Friday, April 20, 2012

Are You A Sinner Or A Saint? - Part six of Questions From The Lifehouse Youth Group.

If you don't know, let me tell you. Teaching theology to teenagers presents some challenges. How do you sum up enormously important topics like grace in a way that doesn't sound condescending? Here's one way in which I tried.

Since we're reading his book, Enjoying God's Grace, I borrowed an example from Terry Virgo. I asked the youths if they've ever traveled a long distance into another time zone. Most of the kids raised their hands. "The car radio clock or your wristwatch might say it's 3:00 PM, but anyone in Atlanta would tell you it's 4:00 PM. Which is true? Is it 3:00 or 4:00? Or maybe some of you have flown several hours and gone into another part of the world. Now, not only does your watch tell you a certain time, but your body feels like what your watch tells you. It may feel like bed-time, but it's early in the afternoon where you've landed. Which is true, what your feelings tell you or the time set for that zone?"

After becoming a Christian, I still sinned. I was and continue to be kind of a bonehead. So which was it, was I a sinner or a saint? I asked the youths this question. Most of them said "sinner". One kid said, "both".

The Bible tells us when we put our trust in Jesus and make him the Lord of our lives, we go through a transformation. Paul said in Galatians 2:20, "I have been crucified with Christ. It is no longer I who live, but Christ who lives in me. And the life I now live in the flesh I live by faith in the Son of God, who loved me and gave himself for me."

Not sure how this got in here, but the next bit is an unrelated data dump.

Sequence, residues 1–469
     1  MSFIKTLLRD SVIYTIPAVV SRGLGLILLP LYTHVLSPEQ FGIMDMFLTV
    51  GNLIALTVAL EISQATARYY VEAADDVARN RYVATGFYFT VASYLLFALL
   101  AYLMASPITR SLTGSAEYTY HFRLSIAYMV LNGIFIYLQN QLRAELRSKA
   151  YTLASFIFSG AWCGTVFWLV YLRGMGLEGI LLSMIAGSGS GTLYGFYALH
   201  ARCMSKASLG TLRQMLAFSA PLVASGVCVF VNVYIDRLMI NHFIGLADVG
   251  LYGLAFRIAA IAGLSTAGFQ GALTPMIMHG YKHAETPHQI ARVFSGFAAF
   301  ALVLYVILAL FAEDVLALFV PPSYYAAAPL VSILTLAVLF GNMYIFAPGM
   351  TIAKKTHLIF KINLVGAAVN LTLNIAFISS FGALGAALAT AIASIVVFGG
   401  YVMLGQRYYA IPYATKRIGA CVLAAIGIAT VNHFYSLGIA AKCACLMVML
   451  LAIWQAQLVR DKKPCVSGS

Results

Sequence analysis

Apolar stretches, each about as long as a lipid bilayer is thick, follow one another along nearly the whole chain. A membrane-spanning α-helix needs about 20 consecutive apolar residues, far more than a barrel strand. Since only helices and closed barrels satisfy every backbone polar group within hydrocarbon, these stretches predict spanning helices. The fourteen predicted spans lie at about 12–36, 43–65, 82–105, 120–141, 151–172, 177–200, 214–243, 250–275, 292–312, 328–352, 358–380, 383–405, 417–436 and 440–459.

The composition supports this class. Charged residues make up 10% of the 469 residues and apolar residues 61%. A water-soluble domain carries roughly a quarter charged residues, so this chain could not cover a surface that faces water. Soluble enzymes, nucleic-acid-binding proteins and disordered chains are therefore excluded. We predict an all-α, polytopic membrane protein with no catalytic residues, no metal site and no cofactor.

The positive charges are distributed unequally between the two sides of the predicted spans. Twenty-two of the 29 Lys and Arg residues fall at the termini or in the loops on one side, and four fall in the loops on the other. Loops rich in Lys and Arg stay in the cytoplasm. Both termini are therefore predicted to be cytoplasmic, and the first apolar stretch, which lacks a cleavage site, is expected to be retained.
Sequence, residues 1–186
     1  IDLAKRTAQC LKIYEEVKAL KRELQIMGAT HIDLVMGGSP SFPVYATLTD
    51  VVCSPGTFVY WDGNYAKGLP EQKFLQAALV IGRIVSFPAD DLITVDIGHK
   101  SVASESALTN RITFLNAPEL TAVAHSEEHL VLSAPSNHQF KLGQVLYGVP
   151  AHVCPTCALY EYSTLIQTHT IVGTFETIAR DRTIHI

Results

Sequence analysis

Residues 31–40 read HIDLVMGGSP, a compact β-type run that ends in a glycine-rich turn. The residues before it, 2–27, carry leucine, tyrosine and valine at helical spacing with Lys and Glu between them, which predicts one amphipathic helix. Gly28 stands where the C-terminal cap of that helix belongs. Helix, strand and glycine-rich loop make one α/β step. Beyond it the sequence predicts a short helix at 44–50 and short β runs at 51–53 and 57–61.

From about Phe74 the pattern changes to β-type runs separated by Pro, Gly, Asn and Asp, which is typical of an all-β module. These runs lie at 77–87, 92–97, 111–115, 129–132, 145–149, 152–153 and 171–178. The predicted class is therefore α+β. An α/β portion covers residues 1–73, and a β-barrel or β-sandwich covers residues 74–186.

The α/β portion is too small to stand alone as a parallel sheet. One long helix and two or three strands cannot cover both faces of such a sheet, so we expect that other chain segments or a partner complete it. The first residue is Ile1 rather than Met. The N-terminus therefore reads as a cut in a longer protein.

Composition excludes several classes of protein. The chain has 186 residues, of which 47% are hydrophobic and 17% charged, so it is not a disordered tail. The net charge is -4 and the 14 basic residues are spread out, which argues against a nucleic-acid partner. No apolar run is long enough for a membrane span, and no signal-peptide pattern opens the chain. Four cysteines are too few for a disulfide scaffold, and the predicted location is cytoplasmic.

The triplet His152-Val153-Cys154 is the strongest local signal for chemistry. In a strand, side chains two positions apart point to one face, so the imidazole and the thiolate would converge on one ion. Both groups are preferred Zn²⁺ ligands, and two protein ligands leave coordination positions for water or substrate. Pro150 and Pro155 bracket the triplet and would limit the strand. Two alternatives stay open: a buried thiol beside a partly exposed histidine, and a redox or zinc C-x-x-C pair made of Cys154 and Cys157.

Paul further describes this change in Romans 6:6-11. "We know that our old self was crucified with him in order that the body of sin might be brought to nothing, so that we would no longer be enslaved to sin. For one who has died has been set free from sin. Now if we have died with Christ, we believe that we will also live with him. We know that Christ, being raised from the dead, will never die again; death no longer has dominion over him. For the death he died he died to sin, once for all, but the life he lives he lives to God. So you also must consider yourselves dead to sin and alive to God in Christ Jesus."

After having one of the youths read the passage from Romans 6 aloud to the group, I asked them the question again: Are you sinners or saints? You may feel like a sinner, but scripture says your old self has died and you are no longer enslaved to sin. You've been set free. Death no longer has dominion. It doesn't rule over you. "It sounds like it's one way or the other," I said. "You're either a sinner or a saint. That's your identity. The Bible says I don't have to pay for my sin or carry the shame of it. Which should I trust more, what the Bible says is true or how I feel?"

I told the youths I knew it was a lot to take in. I'm nearly thirty and I still have a hard time remembering all of this. I told them to think about our discussion and talk to me if they had questions. After the meeting, one of the guys thanked me for leading the discussion. "Yeah, thanks," I said. "I don't know how well I explained it."

"Even if we don't get it all right now," he said, "it was good just to talk about it."

Maybe it would be good for the rest of us to talk about it as well.

Next I'll talk about the other object lesson I gave them. It'll be shorter and more disgusting.


Dan Knight said...

It really depends on your definition of sin. If it's violating objective rules, we are always sinners. It it's defined as "missing the mark" (which I'm told is the best translation for the Greek term), we are always sinners. The amazing thing is that when we blow it, God still sees us wearing the righteousness of Christ, so we don't need to bear the shame of not living completely as God wants us to or as we would ideally like to live. Even when we fall short, we are loved.

Isaiah Kallman said...

I agree that we do and will commit sins. I don't imagine that we can perfect ourselves. But it's a matter of our identity. Do we see ourselves as sinners, or do we see ourselves as saints having the gift of Christ's righteousness?